Micheál Martin: Difficult decisions on pubs at end of lockdown

Micheál Martin: Difficult decisions on pubs at end of lockdown

There were calls from TDs including Barry Cowen and Christopher O’Sullivan for pubs and restaurants to be allowed re-open.

Taoiseach Micheál Martin warned his party that decisions to be taken at the end of the six-week lockdown will be “difficult”.

Mr Martin told his colleagues that the hospitality sector “will be a problem” but he did say the Irish are the best in Europe at fighting Covid-19.

There were calls from TDs including Barry Cowen and Christopher O’Sullivan for pubs and restaurants to be allowed re-open.

Mr Cowen called for a consultation with the hospitality sector to agree whatever new guidelines are needed. 

He said while a decision as to whether to open cannot be taken this far out, consultation is needed to give as a good a chance for a safe Christmas. 

At Christmas we will trust the public at celebrating, he said.

Meanwhile, the Fianna Fáil parliamentary party meeting also heard from Health Minister Stephen Donnelly who said that no woman affected by the CervicalCheck will be left behind “by hook or by crook”.

Mr Donnelly was responding to calls for compassion to be shown to the women involved from colleagues at the private meeting.

According to several sources at the meeting, Sligo TD Marc MacSharry said making cases statute barred is not a good position for the party to be adopting.

“There must be compassion first,” he reportedly said.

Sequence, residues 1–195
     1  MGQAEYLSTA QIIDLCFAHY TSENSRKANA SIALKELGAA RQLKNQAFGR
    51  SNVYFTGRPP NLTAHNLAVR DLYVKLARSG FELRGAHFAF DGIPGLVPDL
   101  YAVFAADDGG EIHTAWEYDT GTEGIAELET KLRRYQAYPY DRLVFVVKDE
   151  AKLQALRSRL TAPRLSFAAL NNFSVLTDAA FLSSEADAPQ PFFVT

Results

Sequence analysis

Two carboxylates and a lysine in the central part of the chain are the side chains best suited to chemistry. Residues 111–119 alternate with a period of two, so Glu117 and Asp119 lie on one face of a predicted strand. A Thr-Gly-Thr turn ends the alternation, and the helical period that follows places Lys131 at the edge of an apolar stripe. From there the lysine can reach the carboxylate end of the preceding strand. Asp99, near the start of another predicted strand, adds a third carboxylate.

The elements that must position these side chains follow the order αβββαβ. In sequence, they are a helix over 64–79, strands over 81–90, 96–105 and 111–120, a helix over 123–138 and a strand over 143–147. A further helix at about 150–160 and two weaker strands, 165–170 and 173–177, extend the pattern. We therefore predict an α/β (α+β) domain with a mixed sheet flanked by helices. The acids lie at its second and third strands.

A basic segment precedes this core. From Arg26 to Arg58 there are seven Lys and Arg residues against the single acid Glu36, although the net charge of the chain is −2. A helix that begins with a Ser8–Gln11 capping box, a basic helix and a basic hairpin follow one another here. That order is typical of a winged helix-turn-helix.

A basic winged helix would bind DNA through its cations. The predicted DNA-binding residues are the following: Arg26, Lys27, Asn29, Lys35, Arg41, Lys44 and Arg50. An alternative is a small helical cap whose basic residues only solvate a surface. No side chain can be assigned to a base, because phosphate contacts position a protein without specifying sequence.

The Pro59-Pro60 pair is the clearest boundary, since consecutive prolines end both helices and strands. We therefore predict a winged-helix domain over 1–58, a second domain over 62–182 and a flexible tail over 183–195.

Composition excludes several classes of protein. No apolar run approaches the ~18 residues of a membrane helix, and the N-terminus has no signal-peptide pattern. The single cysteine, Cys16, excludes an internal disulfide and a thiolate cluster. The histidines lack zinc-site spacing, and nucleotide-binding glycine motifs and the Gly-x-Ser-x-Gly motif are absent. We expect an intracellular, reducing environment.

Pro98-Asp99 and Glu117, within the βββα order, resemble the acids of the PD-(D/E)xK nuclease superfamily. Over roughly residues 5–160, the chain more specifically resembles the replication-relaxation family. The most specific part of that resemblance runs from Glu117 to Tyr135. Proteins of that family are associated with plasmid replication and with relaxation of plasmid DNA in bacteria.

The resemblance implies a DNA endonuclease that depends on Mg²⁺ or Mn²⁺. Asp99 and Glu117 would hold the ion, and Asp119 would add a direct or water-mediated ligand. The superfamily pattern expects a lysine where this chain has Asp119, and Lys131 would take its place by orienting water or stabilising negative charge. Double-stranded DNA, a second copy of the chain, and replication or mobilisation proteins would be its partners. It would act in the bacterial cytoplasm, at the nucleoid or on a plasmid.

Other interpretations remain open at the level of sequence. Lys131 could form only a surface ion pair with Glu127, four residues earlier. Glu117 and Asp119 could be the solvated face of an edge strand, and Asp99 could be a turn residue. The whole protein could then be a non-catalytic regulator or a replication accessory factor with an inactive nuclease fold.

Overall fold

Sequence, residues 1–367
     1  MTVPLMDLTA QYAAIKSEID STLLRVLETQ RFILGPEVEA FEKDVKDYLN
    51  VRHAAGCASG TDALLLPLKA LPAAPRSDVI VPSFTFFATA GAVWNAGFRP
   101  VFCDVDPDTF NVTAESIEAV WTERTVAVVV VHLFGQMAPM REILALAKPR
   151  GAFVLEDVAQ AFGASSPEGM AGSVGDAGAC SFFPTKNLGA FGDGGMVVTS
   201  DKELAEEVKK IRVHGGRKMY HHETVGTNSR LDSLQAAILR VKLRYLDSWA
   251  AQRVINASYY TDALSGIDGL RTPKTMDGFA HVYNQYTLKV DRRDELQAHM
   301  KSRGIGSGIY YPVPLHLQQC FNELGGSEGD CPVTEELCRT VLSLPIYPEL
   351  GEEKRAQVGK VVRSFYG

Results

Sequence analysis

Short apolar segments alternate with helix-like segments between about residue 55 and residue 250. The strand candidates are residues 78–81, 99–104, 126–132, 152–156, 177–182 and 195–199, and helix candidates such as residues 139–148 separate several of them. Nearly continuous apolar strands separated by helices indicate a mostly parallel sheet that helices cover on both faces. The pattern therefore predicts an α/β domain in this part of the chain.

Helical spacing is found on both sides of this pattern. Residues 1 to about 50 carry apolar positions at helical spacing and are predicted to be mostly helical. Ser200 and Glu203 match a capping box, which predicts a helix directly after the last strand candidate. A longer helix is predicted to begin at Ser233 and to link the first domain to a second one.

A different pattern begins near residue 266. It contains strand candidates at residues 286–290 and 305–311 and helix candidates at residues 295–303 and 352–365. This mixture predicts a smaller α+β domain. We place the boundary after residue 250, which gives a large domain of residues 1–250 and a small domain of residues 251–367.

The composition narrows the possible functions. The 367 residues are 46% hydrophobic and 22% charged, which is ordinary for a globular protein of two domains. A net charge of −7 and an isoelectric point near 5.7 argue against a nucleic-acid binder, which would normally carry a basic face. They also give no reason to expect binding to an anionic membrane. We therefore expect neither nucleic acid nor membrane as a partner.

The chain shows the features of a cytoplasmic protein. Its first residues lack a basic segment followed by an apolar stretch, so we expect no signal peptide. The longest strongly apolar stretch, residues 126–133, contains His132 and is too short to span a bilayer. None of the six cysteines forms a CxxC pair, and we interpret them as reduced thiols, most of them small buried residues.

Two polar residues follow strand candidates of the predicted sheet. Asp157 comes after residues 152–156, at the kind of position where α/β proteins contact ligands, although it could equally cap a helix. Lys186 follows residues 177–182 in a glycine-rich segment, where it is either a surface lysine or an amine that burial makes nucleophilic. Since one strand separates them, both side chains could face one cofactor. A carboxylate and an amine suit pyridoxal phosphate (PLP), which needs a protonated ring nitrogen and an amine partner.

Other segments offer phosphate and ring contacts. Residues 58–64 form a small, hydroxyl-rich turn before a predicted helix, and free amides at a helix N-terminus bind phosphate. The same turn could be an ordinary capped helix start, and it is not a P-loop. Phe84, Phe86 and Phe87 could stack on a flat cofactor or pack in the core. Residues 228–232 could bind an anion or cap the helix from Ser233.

Mr Macsharry said the labs should not be included in tribunal.

He said the party should cater for the recurrence of cancer in the same way as the Hep C issue was dealt with years ago.

The 50-odd women who find themselves through no fault of their own outside the statute of limitations should be looked after by way of a letter from Government to the tribunal chair to admit their cases.

He said compassion needs to trump any default position or financial consideration on this occasion.

In response, Mr Donnelly said when it came to the statute of limitation, “no woman would be left outside the door of the tribunal by hook or by crook”.

He also said the laboratories involved in the missed diagnoses must be included in the tribunal, thereby making it adversarial, which is against the wishes of campaigners, the 221+ group.

Responding to Irish Examiner reports of Mr Donnelly’s comments, campaigner Vicky Phelan said: “This is not what was communicated to the 221+ Group in the letter from the Minister of November 8 last. 

We were advised that if the statute of limitations were amended (for those women who are currently statute-barred) it would almost certainly lead to the withdrawal of the labs from the tribunal.

Cavan TD Niamh Smyth raised the issue of the North-South Interconnect and the promises FF to look at undergrounding the lines. 

She also raised when the commitment was given by FF in opposition to an inquiry into the death of Shane O'Farrell. 

The Taoiseach committed to raising the interconnector issue with Energy Minister Eamon Ryan.

Junior Finance Minister Sean Fleming outlined his progress on his review of election 2020, which saw the party drop to just 37 Dáil seats.

Mr Cowen said he wants questions answered on the role of HQ on the election campaign. 

"We were on the back foot once the campaign got underway".

Senator Eugene Murphy voiced his concern on party's poor poll ratings while Minister Anne Rabbitte said she wants analysis of the work of the regional organisers with each candidates during election.

Dublin South-West TD John Lahart raised the RIC debacle, the pension-age issue and the three-way leaders debate as issues which damaged the party. 

He also said there were lots of gaps in the manifesto, adding these were some of the reasons for the poor result for the party in February.

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